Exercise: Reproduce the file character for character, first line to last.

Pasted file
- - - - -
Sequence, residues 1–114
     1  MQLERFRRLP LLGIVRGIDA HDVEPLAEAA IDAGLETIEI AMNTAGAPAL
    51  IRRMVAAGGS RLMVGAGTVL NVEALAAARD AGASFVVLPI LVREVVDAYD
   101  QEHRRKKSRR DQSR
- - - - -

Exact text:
Sequence, residues 1–114
     1  MQLERFRRLP LLGIVRGIDA HDVEPLAEAA IDAGLETIEI AMNTAGAPAL
    51  IRRMVAAGGS RLMVGAGTVL NVEALAAARD AGASFVVLPI LVREVVDAYD
   101  QEHRRKKSRR DQSR